From Capital News: Capital News 9 | 24 Hour Local News | TOP STORIES | Nursing schools may be in trouble

“It's the most absurd thing I've heard in a long time.”

A federal agency known as the Centers for Medicare and Medicaid Services, or CMS, provides reimbursement funding for the country's hospital based nursing schools. CMS has changed their regulations concerning the reimbursements and has already started to sever funds and even demand refunds from programs across the country.

“To allow these cuts to go into effect would be a punch in the gut to all the efforts that have been made in New York State to combat the nursing shortage,” said Senator Charles Schumer.

Schumer, addressing the staff and students of Albany Memorial Hospital's nursing school, said the cuts would only exacerbate an already epidemic shortage of nurses.

“It's not a problem just here in the Capital Region. The nursing shortage is going to double to about 17 percent nationally by the year 2010,” said Schumer.

There are 19 hospital based nursing programs across New York State. If the new CMS regulations go through, the Capital Region in particular would lose $1.8 million next year. Students and officials at Albany Memorial say that would devastate, possibly eliminate, their program.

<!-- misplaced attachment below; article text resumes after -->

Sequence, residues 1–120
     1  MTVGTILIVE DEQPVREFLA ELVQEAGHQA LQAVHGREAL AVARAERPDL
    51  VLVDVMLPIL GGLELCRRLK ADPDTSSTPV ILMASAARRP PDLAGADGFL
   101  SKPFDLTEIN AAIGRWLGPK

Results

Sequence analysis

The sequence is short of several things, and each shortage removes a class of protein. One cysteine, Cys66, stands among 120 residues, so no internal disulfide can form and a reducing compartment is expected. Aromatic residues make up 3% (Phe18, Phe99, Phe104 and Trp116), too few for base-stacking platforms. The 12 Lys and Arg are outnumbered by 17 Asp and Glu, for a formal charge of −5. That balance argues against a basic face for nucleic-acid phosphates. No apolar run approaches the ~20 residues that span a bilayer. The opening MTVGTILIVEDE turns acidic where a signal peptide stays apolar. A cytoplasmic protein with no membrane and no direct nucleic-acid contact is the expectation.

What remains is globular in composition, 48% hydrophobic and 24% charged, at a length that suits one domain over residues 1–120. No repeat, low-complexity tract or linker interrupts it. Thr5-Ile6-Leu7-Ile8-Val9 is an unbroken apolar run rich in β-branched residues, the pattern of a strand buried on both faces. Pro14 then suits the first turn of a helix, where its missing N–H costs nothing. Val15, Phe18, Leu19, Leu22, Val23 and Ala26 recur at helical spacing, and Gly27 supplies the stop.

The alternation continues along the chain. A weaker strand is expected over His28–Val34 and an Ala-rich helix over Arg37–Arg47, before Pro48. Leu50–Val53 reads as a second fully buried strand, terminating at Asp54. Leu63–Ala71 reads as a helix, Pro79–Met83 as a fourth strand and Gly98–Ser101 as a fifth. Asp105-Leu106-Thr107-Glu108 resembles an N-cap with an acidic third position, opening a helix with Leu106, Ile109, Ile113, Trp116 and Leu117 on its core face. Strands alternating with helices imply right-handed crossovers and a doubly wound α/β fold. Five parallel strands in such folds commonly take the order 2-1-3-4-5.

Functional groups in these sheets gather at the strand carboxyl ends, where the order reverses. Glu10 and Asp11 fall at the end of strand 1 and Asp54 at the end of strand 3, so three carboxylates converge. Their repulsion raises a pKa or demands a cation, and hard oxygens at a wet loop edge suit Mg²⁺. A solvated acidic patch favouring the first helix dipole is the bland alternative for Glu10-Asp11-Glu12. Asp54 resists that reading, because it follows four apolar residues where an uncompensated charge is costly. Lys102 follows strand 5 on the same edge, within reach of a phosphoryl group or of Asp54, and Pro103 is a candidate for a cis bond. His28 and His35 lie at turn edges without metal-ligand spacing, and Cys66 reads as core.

“Either tuition will have to go up and it won't be affordable. Nursing school is not cheap. Everyone's scraping to get through. Or they'll cut the program and that's sad.,” said nursing student Sophie Winter.

Everything trickles down. While the impending CMS cuts won't affect collegiate based nursing programs, the lack of nurses, specifically nursing management, threatens their students' access to clinical, hands on work.

“Our undergrad program is full and our doors are restricted to the fact that we need clinical instructors to work with the students. If we don't have the faculty to do that, we have to limit our students,” said Arlene Pericak, a nursing professor at the Sage Colleges.

Schumer said he's hopeful the incoming Obama administration will be able to persuade CMS to rethink the changes, thereby bypassing the need for any new legislation.